Gov. Haley Barbour, center holding scissors, and Paccar CEO Mark Pigott, left of Barbour, cut a ribbon symbolizing the official opening of the Paccar engine assembly plant in Lowndes County. Posing with Pigott and Barbour are local political, education and economic development officials, Paccar’s board of directors and Paccar workers. Photo by: Provided
September 14, 2010 10:55:00 AM
At 6:37 Monday evening Paccar CEO Mark Pigott and Gov. Haley Barbour, standing in front of a phalanx of blue-shirted workers, local dignitaries and the company''s board of directors, cut the ribbon for what is sure to be one of the crown jewels of the local economy for years to come, the $300 million Paccar engine assembly plant.
The ribbon cutting was the centerpiece of a gala evening that included an address by Pigott and company officials, a tour of the 400,000 square-foot plant and a catered dinner. The meal was served in an entrance lobby dominated by two gigantic trucks, a metallic-blue Kenworth and a fire-engine red Peterbilt. Both are Paccar products.
The plant, located on a 406-acre site near the Highway 82 exit to Golden Triangle Regional Airport, will provide engines for Kenworth and Peterbilt in North America. The facility, which makes extensive use of robots, now employs more than 100; that number is expected to swell to 500 when the company begins to manufacture engine parts at the site. Currently, engine components are produced in the Netherlands and Germany.
"For Paccar, it''s like we''re back home," Pigott told the group assembled in the company''s 100-seat auditorium. "Mississippi provides outstanding people with vitality, skill and leadership who will help define our future. This is only the first step in contributing to this region."
Pigott is the fourth generation to head his family''s 105-year-old company, which has boasted an unbroken string of profits for the past 72 years.
In May 2007, Paccar announced its choice of Lowndes County out of 40 potential sites. At the company''s July groundbreaking two months later, Pigott announced a $2 million gift to Mississippi State University''s Center for Vehicle Systems. Workers began installing assembly equipment in January of this year.
Though full production isn''t expected to be implemented until year''s end, the Lowndes plant has already shipped 1,300 diesel engines, Pigott said.
West Point Mayor Scott Ross touted the economic opportunities the plant will bring.
"It''s overwhelming to see the type of investment they''ve made here and the commitment to our area. I can tell by the attitude of the management and the state-of-the-art nature of the plant that this company is going to be a major contributor to our region," he said.
Lowndes County District 1 Supervisor and Board President Harry Sanders compared the high-tech facility to a setting in a comic book.
"It''s a very impressive place -- high-tech robotics, very high-tech machinery. It''s like what you would see in a comic book almost. It''s stuff you don''t see very often, at least not around here," he said.
Sanders also predicted the plant will have a serious impact on the region for decades to come.
"People don''t realize it, but it''s going to have more impact on north Mississippi than the Nissan plant did in Corinth, than the Toyota plant near Tupelo ... It''s going to be really phenomenal," he said. "It''s planned growth is what it is, and they''ve got almost 600 acres out there to expand in. Instead of instant gratification, instant impact, they''re looking long term and 50 years down the road, and it''s going to be phenomenal."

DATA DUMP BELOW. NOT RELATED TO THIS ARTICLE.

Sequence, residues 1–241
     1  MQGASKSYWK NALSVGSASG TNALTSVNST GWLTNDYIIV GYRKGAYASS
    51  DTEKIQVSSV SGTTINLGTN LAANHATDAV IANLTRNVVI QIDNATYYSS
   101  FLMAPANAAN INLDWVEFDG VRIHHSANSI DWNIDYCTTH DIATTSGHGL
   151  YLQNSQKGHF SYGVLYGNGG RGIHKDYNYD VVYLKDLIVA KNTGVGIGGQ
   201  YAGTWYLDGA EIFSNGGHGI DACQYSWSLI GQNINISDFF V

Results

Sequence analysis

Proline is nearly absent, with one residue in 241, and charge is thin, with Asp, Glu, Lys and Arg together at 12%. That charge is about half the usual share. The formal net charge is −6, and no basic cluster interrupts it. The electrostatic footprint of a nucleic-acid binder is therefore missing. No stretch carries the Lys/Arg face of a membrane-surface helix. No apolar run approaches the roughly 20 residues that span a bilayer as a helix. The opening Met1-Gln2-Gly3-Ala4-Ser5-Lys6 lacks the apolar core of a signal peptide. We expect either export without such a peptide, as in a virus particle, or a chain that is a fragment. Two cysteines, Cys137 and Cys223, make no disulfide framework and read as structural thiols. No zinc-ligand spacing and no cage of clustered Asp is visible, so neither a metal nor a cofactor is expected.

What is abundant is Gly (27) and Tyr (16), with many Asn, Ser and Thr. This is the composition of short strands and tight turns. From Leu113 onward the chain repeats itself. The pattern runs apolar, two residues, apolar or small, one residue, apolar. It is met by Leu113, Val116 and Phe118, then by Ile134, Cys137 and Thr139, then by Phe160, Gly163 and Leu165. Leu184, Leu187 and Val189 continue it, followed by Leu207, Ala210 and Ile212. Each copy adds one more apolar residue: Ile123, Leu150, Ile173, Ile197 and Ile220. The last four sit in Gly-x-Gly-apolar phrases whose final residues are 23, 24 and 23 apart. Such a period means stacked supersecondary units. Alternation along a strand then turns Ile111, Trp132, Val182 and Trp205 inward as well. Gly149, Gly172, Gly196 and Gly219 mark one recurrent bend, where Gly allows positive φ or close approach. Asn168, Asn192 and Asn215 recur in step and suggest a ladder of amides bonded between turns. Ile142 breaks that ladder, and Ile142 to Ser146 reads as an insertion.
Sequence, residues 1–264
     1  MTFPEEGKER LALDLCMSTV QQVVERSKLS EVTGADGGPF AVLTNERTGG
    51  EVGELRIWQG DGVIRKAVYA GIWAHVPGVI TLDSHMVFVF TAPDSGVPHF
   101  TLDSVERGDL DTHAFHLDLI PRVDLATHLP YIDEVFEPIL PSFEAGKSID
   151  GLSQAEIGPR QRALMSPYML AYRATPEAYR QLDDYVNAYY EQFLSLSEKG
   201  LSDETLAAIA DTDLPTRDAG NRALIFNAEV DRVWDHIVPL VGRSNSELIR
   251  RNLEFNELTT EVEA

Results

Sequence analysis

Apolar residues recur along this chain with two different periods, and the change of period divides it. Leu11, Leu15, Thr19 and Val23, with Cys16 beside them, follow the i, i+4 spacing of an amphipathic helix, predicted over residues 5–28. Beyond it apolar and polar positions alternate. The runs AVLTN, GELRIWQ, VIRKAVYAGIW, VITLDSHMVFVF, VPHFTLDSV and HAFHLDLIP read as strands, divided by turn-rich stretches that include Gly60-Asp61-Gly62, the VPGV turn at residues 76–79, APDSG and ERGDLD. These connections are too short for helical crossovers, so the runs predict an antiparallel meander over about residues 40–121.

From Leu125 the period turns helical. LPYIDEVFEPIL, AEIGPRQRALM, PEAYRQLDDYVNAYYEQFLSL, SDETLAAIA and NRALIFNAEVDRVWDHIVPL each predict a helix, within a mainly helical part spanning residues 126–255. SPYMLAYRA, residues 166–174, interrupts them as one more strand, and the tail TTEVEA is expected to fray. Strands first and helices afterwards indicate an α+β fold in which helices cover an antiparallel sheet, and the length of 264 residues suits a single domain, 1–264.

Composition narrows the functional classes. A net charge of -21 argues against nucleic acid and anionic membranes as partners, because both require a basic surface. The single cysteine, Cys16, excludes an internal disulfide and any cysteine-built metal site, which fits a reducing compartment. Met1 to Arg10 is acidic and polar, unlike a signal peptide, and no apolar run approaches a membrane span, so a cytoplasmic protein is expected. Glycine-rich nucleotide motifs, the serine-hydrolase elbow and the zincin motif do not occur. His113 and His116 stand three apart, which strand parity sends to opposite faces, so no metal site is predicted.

Mississippi University for Women Interim President Allegra Brigham met Paccar''s local managers and many of its corporate executives during her previous job as manager of 4-County Electric Power Association. The power company was involved in every step of the courting process as Paccar narrowed its list of 40 potential locations for its new plant.
"I got to know the local team and they''re very impressive. They''re a quality organization from top to bottom," she said.
Plant manager Lex Lemmers, who served as a guide for one of the two groups of visitors through the plant, said once the plant is fully running, assembly time for an engine will be 16 hours.
"Twelve cylinders?" the governor asked as the group watched a robot lubricate cylinder walls with oil.
"Six," Lemmers replied.
"How much oil?" Link CEO Joe Higgins asked.
"Forty-five liters," Lemmers answered.
"It doesn''t smell like an engine plant," said the governor''s wife, Marsha Barbour.
The plant is spotless, more like a overgrown science lab than a manufacturing facility.
"And you can come back in 30 years and it''ll be just like you see it today," Pigott said.
"I think it''s magnificent. It''s a showplace -- clean as a whistle, laid out perfectly," Sanders said. "The working conditions for the employees is fantastic."
Ross was similarly impressed.
"It looks like you could eat off the floor. The place was pristine," he said.
Once assembled, the engines are painted by two robot arms that resemble two loose-limbed dancers in a jazz club.
Barbour said the truck engine plant is the first of its kind in Mississippi. "They''re doing this the right way," the governor said, referring to the company''s deliberate approach, and noted that the company is hiring Mississippi high school graduates introducing them to a high-tech environment.
"This is a wonderful day," Pigott added.
Birney Imes III is the immediate past publisher of The Dispatch.
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